You may have seen the terms “contiguous territories” and “adjacent islands” come up when looking through information about US Visas and ESTAs. But what exactly do they mean and which countries, islands, and areas are included?

The answer is relatively simple but information is difficult to find and you do need to be careful as to when it applies to you.

Which countries and territories are considered “contiguous territories” to the United States?

“Contiguous Territories” are any country sharing a common boundary with the United States. Canada and Mexico are contiguous to the United States.

Which islands and countries are considered “adjacent islands” to the United States?

“Adjacent Islands” are a more broad category and are as follows (according to ICE.gov):

  • Saint Pierre
  • Miquelon
  • The Dominican Republic
  • Haiti
  • Bermuda
  • The Bahamas
  • Barbados
  • Jamaica
  • The Windward and Leeward Islands
  • Trinidad
  • Martinique
  • Other British, French, and Netherlands territory or possessions in or bordering on the Caribbean Sea

You can find the original source of this list here in 8 USC 1101.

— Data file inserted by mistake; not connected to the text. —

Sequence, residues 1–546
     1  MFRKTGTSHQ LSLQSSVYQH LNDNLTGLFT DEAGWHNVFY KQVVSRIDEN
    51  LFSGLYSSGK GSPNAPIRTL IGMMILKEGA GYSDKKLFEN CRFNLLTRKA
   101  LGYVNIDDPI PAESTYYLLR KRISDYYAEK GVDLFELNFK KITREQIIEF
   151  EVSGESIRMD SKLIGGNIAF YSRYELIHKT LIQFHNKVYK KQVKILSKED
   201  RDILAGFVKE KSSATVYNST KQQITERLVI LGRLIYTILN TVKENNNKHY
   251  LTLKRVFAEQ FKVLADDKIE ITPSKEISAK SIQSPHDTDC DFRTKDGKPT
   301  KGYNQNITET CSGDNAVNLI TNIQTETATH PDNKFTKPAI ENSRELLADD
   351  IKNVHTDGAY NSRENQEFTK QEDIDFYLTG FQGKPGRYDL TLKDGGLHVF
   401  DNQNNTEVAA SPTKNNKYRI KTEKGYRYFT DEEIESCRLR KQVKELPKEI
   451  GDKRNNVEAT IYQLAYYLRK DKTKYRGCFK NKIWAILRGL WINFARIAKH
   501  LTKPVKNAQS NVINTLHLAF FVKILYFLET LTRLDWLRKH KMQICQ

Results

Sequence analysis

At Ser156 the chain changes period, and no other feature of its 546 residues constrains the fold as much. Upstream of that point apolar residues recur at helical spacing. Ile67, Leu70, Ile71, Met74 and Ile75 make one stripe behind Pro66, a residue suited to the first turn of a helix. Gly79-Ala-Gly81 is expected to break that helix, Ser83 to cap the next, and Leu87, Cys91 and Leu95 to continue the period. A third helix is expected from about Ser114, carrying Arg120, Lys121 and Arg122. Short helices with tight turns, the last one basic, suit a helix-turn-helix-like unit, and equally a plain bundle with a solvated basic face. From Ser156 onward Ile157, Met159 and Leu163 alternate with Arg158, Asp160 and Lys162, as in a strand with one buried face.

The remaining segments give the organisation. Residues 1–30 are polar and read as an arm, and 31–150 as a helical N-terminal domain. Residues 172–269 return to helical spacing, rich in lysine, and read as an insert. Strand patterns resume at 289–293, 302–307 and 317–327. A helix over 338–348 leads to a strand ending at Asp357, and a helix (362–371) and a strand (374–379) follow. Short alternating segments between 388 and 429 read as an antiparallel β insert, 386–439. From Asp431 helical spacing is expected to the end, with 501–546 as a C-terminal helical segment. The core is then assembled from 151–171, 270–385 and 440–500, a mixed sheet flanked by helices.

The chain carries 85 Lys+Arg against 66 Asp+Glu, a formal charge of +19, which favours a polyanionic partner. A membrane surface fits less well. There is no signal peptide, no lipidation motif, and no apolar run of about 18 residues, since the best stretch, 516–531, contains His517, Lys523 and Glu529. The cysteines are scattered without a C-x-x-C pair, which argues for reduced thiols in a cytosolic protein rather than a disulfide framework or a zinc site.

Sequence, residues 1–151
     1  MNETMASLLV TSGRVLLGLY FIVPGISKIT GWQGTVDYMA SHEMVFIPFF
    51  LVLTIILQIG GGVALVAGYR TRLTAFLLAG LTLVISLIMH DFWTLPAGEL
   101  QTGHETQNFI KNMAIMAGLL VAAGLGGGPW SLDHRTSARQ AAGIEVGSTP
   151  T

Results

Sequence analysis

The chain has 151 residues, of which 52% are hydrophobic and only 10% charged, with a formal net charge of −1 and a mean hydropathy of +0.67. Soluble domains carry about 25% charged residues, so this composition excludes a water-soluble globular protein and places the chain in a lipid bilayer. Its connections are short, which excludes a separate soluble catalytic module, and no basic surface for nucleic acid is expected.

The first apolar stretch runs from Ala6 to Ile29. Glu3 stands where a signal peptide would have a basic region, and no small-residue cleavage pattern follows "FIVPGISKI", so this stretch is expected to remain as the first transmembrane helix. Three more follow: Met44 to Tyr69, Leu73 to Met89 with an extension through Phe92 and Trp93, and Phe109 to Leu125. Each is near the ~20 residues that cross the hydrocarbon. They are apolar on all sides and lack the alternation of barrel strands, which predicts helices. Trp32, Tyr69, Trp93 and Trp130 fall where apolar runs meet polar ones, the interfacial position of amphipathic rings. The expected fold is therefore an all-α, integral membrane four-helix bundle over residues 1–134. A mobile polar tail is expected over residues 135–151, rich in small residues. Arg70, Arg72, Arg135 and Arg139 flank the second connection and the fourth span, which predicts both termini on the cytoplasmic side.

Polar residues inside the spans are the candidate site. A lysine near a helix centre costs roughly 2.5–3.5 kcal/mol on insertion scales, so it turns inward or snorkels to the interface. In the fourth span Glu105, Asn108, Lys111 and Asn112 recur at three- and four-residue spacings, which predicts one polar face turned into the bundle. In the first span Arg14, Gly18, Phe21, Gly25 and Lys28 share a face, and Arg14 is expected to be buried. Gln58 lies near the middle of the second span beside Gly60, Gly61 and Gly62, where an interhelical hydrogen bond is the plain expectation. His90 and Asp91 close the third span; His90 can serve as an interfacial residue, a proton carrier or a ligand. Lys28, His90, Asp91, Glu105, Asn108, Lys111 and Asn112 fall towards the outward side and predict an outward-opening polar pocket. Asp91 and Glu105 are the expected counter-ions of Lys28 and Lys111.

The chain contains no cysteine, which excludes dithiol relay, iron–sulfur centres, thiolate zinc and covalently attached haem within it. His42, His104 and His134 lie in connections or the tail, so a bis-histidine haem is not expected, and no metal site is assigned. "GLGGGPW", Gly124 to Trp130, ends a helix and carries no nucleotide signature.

Which countries count to reset my ESTA visa waiver?

I’ve written a whole article about “resetting your ESTA” here because there are lots of intricacies to this process and it comes down to more than just which countries.

What is automatic revalidation and when can I re-enter from a contiguous countries or adjacent islands?

The automatic revalidation program is a provision of immigration law, whereby certain temporary visitors holding expired nonimmigrant visas who seek to return to the U.S. may be admitted at a U.S. port-of-entry by CBP, if they meet certain requirements, including, but not limited to the following:

  • Nonimmigrants who departed the United States for brief travel to Canada, Mexico, or an adjacent island (for F and J nonimmigrants) for thirty days or less;
  • Nonimmigrants with a valid (unexpired) admission stamp or paper Form I-94, Arrival/Departure Record, endorsed by DHS.

You can read more about automatic revalidation here.